Sustainable Runoff for Basin Salt Balance

sustainable runoff for basin salt balance, runoff quantity, sustainable irrigation, exorheic basins, endorheic basins, semi-exorheic basins, semi-endorheic basins, evaporation basin, Tulare Lake, Victor Miguel Ponce

Drain at Penoche irrigation district, San Joaquin valley, California

Fig. 1   Drain at Penoche irrigation district, San Joaquin valley, California.


Victor M. Ponce

Professor of Civil and Environmental Engineering

San Diego State University

San Diego, California


ABSTRACT:   The minimum amount of runoff that must be preserved in order to maintain basin salt balance is conceptually calculated. The alternative, the anthropogenic conversion of all runoff into evapotranspiration, is unsustainable, because it causes salts to accumulate without limit inside the basin. Nature intended exorheic drainage basins to be in salt balance by means of runoff. Therefore, to preserve this natural service, a limit must be imposed on the consumptive use of runoff through irrigation.


Over a measurable period, say one year, the amount of precipitation over a basin is divided into evaporation, evapotranspiration, and runoff. Evaporation (E) is the fraction of precipitation returned to the atmosphere in the absence of vegetation. Evapotranspiration (ET) is the fraction of precipitation returned to the atmosphere through vegetation. In order to avoid confusion, the combined amount of evaporation and evapotranspiration is referred to herein as vaporization (V). Runoff (Q) is the fraction of precipitation returned to the ocean as streamflow.

On a global average basis, vaporization is about two-thirds of precipitation, with runoff constituting the remaining one-third. Therefore, the global average ratio of vaporization to runoff is: V/Q = 2. However, this ratio varies with the climate; in humid regions, it be as low as 1, while in arid regions, it may be 50 and higher.


In a pristine natural environment, the total volume of annual runoff is:

Ro = Qo A (1)

in which Ro = pristine annual runoff volume, in m3; Qo = pristine annual runoff depth, in m; and A = basin drainage area, in m2.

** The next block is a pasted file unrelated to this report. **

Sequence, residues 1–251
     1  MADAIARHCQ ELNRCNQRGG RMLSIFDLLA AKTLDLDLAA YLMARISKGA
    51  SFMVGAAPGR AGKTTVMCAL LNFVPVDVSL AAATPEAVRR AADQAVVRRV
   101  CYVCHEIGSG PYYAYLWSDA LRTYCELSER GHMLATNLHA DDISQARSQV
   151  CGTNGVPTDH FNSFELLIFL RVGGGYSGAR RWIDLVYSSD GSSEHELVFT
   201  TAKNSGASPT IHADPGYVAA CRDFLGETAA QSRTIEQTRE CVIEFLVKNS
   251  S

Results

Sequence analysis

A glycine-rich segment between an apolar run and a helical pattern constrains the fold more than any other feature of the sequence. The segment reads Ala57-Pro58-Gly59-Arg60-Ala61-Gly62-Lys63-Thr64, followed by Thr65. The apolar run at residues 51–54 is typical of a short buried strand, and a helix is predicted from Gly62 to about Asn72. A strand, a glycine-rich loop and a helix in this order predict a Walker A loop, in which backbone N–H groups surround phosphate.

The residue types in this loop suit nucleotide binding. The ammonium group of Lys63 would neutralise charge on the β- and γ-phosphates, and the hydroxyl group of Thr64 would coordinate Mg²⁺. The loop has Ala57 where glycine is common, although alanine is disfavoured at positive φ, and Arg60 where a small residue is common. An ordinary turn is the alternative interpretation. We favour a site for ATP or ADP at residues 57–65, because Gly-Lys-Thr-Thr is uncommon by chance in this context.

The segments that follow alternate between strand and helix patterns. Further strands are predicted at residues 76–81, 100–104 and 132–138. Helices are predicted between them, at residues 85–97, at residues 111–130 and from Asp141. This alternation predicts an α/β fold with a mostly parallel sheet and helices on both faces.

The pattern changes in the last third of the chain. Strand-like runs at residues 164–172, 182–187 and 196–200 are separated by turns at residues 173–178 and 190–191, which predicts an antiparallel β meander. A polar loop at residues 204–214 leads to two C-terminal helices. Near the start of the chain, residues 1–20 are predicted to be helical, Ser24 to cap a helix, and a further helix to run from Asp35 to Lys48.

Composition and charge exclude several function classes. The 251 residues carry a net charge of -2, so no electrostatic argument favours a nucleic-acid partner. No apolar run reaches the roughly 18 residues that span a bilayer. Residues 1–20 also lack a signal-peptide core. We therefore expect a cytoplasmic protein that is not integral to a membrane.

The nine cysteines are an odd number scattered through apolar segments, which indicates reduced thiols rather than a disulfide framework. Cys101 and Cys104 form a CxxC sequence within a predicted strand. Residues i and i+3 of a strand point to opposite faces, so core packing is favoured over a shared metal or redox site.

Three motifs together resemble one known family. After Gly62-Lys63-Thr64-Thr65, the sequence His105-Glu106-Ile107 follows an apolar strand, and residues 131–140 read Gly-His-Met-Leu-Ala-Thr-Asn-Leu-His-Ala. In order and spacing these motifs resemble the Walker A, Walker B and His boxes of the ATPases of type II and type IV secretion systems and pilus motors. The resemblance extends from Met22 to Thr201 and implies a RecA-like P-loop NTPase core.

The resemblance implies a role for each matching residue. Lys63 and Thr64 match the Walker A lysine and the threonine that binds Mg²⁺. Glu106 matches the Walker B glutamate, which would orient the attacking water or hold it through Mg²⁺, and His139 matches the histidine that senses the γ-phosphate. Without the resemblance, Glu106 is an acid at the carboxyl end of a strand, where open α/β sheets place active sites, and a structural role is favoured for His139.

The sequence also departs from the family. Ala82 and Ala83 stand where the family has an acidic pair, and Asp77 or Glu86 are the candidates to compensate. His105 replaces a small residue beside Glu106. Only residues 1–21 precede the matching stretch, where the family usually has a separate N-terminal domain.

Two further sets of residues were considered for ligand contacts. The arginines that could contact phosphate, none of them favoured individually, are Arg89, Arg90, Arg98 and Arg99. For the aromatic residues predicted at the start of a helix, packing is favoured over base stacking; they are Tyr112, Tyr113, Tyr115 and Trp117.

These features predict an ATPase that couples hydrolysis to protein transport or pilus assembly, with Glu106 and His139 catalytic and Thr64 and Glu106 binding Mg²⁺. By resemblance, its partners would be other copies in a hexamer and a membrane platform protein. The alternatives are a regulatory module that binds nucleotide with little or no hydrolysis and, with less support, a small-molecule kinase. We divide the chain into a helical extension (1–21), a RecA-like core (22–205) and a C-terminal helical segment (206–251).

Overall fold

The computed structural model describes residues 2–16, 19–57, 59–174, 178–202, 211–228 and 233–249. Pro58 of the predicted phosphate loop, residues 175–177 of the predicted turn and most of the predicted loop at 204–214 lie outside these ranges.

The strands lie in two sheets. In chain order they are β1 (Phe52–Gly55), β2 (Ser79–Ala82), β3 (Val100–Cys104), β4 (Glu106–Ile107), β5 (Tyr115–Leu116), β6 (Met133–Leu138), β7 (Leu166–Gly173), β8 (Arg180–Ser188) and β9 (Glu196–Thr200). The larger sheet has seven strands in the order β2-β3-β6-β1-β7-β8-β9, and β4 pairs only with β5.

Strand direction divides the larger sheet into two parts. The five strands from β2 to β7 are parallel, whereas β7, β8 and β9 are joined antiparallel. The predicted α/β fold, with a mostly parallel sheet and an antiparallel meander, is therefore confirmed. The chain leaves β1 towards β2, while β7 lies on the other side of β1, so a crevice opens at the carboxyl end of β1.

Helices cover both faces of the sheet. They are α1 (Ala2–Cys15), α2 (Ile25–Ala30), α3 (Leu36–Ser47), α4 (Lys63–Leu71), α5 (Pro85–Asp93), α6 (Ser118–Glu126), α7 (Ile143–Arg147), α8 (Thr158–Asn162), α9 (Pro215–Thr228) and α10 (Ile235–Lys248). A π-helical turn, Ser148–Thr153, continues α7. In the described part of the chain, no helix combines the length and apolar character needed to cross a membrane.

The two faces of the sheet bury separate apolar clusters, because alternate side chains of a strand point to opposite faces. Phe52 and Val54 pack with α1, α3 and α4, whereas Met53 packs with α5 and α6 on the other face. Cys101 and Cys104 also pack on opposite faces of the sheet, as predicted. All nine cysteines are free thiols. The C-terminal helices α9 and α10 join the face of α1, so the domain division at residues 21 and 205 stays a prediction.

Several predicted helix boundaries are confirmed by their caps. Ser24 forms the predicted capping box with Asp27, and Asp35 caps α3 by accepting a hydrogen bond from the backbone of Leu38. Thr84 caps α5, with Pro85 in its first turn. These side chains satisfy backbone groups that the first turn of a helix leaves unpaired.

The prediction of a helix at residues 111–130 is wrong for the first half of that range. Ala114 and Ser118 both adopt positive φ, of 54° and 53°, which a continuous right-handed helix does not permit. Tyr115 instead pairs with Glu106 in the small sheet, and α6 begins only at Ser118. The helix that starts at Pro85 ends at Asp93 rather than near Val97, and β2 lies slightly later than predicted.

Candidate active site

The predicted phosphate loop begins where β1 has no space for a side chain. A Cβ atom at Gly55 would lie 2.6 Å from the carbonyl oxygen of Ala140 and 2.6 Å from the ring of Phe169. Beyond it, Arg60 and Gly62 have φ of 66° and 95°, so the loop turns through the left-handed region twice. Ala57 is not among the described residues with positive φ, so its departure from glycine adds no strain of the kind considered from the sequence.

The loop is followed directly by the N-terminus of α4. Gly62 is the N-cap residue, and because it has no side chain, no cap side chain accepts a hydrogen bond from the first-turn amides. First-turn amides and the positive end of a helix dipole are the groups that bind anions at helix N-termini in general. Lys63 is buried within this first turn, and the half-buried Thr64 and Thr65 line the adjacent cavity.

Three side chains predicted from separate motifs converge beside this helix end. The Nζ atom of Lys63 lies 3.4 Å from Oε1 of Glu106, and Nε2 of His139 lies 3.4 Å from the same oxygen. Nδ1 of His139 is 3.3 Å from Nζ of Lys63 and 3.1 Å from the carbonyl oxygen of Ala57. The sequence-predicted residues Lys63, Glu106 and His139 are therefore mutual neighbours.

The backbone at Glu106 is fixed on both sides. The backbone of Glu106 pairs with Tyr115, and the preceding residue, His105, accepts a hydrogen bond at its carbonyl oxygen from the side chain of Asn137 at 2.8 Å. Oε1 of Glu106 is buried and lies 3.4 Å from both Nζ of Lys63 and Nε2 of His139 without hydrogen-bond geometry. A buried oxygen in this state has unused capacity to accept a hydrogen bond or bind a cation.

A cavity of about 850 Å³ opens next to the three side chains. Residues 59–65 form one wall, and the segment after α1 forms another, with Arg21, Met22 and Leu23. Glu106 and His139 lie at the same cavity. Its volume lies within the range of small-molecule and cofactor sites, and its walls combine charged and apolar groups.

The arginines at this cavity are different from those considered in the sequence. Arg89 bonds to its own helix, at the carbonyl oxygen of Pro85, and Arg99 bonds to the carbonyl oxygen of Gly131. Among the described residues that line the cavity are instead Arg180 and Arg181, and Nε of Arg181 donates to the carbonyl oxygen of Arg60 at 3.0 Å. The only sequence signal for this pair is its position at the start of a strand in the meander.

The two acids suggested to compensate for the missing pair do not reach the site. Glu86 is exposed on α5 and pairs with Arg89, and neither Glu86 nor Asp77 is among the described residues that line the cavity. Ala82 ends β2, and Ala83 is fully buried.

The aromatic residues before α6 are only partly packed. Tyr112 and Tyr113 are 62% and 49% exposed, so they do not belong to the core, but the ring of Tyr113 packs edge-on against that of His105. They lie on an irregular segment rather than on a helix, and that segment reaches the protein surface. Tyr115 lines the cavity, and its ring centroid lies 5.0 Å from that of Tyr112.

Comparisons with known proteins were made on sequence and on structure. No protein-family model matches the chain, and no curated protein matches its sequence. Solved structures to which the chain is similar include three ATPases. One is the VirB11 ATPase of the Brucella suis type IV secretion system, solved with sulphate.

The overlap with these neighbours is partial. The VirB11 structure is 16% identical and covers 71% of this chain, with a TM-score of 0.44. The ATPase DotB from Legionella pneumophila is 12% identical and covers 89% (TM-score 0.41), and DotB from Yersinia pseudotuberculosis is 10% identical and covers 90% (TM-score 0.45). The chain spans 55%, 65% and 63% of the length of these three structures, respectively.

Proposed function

In Nature, runoff always carries a certain amount of dissolved solids, mostly salts. The salt concentration in runoff is expressed in gr/m3. Thus, the total weight of salt in annual runoff is:

So = Co Ro (2)

in which So = annual amount of salt delivered to the ocean by pristine runoff, in gr; and Co = mean salt concentration in pristine runoff, in gr/m3.


Hydrologic basins can be either exorheic or endorheic, depending on their drainage properties. Exorheic basins have an outlet to the sea; endorheic basins do not. Exorheic basins have finite V/Q ratios, with a global average of 2. On the other hand, in an endorheic basin, runoff is zero; therefore, V/Q = ∞; i.e., all precipitation is being converted to vaporization.

Typically, exorheic basins feature rivers and estuaries, and drain outwards, while endorheic basins feature lakes and wetlands, and drain inwards. However, some apparently closed basins (lakes) may not be fully endorheic, featuring small percentages of runoff, for instance, Lake Titicaca, in Peru (Fig. 2). Therefore, these basins are referred to as semiendorheic. Similarly, some apparently open basins (rivers) may not be fully exorheic, featuring small percentages of forced loss to vaporization (through small lakes), for instance, the saline bogs near Rio Negro, in the Upper Paraguay river basin, Mato Grosso do Sul, Brazil (Fig. 3). Therefore, these basins are referred to as semiexorheic.